Bert has lived in Brighton and Hove since 1967, he moved down after he left the Royal Air Force. He is retired now after working for the NHS for 26 years. He does a couple of things (!) including voluntary work for MOSAIC and helping to run the Brighton and Hove Black History Group.
What brought you to Brighton and Hove?
My first visit here was in October of 1960, my two sisters were recruited from Jamaica and were brought to Brighton General Hospital. When I came over to England in 1960, I visited them. That was my first visit to Brighton and I loved it straight away. I love the chalk hills, I love the valleys, I love the sea, I just love the Downs. When I came here first, I’m sure I saw it all in colour, I saw a load of flowers and buildings like the Royal Pavilion. I’d never seen a building like that before and I was very, very touched by it really.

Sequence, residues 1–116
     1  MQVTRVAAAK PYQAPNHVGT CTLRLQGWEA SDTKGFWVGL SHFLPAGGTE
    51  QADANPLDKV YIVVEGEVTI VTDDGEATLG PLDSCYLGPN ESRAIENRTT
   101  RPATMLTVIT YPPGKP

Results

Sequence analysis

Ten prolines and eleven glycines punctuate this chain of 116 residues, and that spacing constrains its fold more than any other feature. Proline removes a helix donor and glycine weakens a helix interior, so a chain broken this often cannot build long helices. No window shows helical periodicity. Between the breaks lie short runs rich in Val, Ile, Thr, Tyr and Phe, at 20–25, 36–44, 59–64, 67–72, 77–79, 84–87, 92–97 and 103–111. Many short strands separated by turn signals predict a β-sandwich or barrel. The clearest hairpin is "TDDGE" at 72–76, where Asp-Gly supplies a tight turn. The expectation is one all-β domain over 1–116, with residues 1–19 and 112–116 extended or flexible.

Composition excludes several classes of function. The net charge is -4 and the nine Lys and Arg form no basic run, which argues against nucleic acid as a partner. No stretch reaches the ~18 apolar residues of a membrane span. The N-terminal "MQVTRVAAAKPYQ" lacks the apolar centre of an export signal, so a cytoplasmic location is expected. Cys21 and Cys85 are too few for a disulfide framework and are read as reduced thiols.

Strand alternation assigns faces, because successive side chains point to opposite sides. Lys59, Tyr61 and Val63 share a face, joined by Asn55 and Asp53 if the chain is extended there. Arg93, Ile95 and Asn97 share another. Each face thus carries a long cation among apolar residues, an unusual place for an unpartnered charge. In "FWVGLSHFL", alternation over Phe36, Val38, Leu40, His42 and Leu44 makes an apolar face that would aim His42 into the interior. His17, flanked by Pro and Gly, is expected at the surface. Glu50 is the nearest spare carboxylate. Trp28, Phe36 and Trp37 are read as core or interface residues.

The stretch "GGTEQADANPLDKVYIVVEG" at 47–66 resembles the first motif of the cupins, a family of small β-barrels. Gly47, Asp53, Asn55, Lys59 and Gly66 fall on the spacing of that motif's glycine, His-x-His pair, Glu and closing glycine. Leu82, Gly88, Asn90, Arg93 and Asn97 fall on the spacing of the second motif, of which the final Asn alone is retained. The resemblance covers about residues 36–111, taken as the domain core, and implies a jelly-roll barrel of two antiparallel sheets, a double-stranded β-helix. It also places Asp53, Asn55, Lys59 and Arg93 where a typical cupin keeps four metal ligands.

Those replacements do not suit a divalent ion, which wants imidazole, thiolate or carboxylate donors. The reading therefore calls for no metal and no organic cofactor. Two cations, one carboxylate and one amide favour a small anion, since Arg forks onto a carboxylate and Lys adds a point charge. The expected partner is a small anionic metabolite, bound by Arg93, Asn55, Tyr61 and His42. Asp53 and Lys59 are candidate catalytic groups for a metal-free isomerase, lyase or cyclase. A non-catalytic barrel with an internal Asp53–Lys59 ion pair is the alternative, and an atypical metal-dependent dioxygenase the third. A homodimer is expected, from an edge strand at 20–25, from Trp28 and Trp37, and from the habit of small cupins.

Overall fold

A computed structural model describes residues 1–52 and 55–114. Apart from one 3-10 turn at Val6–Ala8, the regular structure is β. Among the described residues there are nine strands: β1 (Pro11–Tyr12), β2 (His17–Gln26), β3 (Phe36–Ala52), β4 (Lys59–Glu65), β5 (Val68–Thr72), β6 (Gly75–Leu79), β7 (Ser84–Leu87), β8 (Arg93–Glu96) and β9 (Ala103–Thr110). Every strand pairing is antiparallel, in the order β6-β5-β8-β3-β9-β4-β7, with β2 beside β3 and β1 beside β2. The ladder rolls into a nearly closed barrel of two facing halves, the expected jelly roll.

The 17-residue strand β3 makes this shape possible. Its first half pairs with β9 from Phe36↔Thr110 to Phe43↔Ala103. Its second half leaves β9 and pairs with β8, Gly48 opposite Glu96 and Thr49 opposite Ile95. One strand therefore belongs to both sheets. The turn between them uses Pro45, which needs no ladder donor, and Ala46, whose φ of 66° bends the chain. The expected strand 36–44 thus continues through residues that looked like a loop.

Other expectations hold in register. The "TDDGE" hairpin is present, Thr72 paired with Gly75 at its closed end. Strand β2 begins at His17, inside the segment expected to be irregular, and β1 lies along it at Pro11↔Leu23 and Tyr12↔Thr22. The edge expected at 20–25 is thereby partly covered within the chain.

How do you relax?
You wouldn’t believe it but I enjoy doing Black History research work and I do spend a lot of time doing it and I feel it’s a form of relaxing. Since the advent of the internet, I spend more time doing research on the internet than I do in the local studies. I enjoy my gardening and I do love having the grandkids around
especially at the weekends. I like taking them to the park and I like showing them how to do a bit of gardening, at the moment we’re planting seeds. I enjoy Sunday lunch with the family.
What would you change about Brighton and Hove?
I would like to see Brighton much safer, when I say safe, I mean for women and Black people to walk around and feel safe. There is a lot of racism in Brighton, I would like to see that abolished. I’d like to see more equality for BME people and maybe an equal share of resources around the BME people.